Grandma and Grandpa Updated Their Status

Worldwide, seniors are largely neglected by brands and marketers. The tendency is to focus on the youthful, impulse spenders, tomorrow's big wallet owners youth. While this holds some great business sense, especially in the MENA with some 60% of the population being under the age of 30, I don't think it's sensible to overlook the segment that has 47 times the net worth of households headed by those younger targets.

Money matters aside, they are also the fastest growing demographic on social media. Emails are so 2008 for the 55-75 grandma and grandpa of 2015, and they are on Facebook, befriending their grandchildren, liking status updates, sharing pictures, sharing thoughts, hearting instagram photos and loving that LO-Fi Effect! connecting with a childhood friend, and they are on 5 WhatsApp groups (minimum) debating life matters. (Tip: show them how to silence the groups so you don't have to go searching under every pillow and cushion in the house for the phone after they hide it away too annoyed of all the Tin Tin RInG RING of all groups!). The facts below speak for themselves (Source: Google & Ipsos Study), and although they are from the U.S, you can easily find similarities by observing seniors behavior in MENA. Seniors in the Middle East are creating usage habits following the pattern "Offline Traditions Gone Digital": with WhatsApp "Home" & "Family" groups, cooking groups, Majlis groups, accompanied by heavy use of voice recordings are all signaling the fast shift in behavior (Source: Cheil Human Digital Trends Report)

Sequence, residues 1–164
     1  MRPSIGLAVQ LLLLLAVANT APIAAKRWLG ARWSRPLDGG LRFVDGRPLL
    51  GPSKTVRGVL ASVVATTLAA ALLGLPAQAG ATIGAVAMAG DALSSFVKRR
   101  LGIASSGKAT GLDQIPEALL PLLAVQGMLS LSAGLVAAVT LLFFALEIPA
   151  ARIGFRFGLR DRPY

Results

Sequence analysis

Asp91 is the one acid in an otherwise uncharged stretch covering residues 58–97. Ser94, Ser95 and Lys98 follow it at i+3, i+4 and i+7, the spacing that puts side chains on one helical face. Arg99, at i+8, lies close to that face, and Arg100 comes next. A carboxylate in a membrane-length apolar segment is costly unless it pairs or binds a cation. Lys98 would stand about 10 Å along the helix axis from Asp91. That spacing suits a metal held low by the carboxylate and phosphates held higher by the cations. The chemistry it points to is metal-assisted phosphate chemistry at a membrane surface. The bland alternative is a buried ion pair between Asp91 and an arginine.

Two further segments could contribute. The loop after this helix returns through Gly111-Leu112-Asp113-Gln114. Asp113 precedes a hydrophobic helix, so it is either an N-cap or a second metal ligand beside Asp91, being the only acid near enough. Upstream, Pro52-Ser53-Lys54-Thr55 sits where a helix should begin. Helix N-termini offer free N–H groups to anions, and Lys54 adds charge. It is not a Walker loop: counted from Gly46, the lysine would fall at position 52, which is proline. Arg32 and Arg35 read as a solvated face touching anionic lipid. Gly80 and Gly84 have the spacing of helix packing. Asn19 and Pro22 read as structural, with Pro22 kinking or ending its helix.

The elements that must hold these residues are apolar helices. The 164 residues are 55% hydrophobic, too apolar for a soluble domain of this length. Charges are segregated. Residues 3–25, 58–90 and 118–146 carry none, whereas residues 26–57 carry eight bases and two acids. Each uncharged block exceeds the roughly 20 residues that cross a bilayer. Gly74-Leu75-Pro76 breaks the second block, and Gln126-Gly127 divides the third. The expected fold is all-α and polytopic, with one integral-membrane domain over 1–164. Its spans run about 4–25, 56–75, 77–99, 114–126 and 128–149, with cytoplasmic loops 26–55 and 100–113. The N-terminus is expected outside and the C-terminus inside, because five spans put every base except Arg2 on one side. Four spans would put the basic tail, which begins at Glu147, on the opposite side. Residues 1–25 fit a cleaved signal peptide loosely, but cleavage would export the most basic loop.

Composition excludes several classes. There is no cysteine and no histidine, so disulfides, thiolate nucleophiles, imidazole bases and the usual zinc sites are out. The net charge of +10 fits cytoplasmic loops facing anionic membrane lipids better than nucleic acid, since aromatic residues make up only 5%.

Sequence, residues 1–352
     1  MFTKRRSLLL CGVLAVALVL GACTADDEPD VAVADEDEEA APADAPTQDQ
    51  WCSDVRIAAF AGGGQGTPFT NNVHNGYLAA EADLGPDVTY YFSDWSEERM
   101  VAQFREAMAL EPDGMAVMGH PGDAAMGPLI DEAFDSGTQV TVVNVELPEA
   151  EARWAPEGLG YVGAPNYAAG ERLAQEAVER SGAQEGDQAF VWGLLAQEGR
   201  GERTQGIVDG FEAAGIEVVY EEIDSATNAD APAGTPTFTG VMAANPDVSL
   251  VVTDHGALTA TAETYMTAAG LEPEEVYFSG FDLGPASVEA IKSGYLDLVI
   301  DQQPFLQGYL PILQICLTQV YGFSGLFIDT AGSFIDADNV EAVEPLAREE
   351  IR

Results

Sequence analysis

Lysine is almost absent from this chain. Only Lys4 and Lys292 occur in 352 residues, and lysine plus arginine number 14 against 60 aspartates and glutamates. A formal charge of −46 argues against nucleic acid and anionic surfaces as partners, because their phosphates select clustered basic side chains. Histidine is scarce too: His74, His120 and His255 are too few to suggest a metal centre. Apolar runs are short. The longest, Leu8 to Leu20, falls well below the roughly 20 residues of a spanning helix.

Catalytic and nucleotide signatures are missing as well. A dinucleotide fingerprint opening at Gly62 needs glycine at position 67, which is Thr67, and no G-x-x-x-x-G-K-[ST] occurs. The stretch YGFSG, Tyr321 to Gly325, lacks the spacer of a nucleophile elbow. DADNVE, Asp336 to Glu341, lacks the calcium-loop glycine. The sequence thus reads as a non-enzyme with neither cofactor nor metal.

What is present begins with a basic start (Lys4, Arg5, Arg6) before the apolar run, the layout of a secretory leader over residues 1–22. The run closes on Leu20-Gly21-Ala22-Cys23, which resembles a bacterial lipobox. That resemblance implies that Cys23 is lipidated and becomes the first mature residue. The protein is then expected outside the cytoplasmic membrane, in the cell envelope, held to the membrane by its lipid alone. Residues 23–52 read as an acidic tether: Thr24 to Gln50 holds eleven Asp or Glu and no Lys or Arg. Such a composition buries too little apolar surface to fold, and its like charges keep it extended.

• The Internet is an everyday part of boomers' and seniors' lives; it is the top source for gathering information on topics of interest, outpacing TV and print media by a substantial margin.